Wishes were for enough food, enough sleep, enough money to pay the mortgage and utilities. I am clear that my resistance to wishing is a trauma-response. I plan. But “the best laid plans of mice and men often go awry” (R. Burns). Might as well resolve that I will write my wishes, say them aloud and plan for the best.
I wish for more changes to local zoning ordinances to undo some of the decades long racist and exclusionary zoning practices.
I wish that the legislative bodies really had a grasp of the zoning ordinances and the need to get it right so that we can more easily get more properties performing adding much needed revenue to the tax rolls to provide essential services.
I wish for one less black and yellow street sign and the hour -long ceremonies at the beginning of the meetings.
I wish that I could provide like 100 families with a guaranteed income so that they could escape the cycle of not enough and can move to having wishes of leisure just for them.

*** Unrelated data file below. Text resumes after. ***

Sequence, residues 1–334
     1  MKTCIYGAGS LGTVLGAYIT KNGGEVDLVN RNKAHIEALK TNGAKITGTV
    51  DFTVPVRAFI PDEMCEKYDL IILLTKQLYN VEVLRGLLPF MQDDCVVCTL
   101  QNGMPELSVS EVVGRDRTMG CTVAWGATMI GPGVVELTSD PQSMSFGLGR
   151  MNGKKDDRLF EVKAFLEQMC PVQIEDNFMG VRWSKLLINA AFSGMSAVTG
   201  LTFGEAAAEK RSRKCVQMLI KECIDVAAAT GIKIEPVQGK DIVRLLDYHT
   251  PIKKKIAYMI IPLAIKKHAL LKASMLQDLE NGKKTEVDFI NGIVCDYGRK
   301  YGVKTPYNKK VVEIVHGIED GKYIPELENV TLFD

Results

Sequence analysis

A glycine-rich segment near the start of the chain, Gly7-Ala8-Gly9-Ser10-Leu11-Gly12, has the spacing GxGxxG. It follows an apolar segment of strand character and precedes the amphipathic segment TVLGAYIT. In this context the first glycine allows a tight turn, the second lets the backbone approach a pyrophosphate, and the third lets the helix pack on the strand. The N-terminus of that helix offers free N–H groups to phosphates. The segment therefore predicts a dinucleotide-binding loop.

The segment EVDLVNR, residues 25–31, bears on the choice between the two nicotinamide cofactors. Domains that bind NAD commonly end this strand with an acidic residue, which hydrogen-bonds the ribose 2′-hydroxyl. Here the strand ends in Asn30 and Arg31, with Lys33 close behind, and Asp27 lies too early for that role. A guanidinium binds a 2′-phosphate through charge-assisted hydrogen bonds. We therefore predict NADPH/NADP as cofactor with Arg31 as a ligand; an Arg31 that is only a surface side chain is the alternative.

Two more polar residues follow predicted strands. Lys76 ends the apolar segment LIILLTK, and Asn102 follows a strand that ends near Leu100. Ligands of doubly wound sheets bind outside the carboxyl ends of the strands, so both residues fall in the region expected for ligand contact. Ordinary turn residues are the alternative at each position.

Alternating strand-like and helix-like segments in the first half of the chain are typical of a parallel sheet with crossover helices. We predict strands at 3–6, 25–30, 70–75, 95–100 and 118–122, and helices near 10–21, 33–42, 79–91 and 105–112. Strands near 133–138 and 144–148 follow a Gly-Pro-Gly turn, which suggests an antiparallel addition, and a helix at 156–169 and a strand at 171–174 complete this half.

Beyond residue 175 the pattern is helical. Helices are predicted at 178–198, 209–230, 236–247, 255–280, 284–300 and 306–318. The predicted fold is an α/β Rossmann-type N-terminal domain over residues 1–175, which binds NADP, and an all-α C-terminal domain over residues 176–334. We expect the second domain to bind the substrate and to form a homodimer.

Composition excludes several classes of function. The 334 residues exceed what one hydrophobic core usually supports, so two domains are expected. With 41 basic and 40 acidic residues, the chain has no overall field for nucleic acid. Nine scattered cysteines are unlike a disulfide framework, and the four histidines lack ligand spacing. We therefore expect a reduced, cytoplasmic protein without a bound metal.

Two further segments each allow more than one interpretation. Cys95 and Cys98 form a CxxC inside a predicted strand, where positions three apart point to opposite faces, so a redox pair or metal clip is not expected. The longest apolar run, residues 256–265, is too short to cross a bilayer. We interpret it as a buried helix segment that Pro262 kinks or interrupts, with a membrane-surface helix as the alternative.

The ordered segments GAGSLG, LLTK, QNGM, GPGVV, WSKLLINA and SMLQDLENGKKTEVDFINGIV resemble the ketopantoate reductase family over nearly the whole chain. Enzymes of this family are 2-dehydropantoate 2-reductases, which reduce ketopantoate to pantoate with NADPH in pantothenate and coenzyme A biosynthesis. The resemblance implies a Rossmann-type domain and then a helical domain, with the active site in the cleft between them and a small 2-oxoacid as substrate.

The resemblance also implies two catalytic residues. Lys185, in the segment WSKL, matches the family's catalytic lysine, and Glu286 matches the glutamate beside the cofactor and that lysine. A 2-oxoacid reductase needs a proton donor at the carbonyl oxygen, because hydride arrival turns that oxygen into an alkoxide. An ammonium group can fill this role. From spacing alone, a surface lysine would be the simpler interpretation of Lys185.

I wish for neighborhoods that resemble my current experience where I can safely walk a few doors down to fine dining at Ecco or a local bar while passing many different housing types and uses.
I wish that many of my fellow Memphians believed that it is absolutely plausible that a Black woman trusted with a ton of resources could have all good intentions and a good plan without a clouding the work with tales of dark forces using her to annihilate or worse, gentrify places and displace the very people she is helping.
Finally, I wish that we’d all spend more time finding ways to love our neighbors. Now that just might be the most fantastical wish of all.
Five Hopes for Memphis in 2024: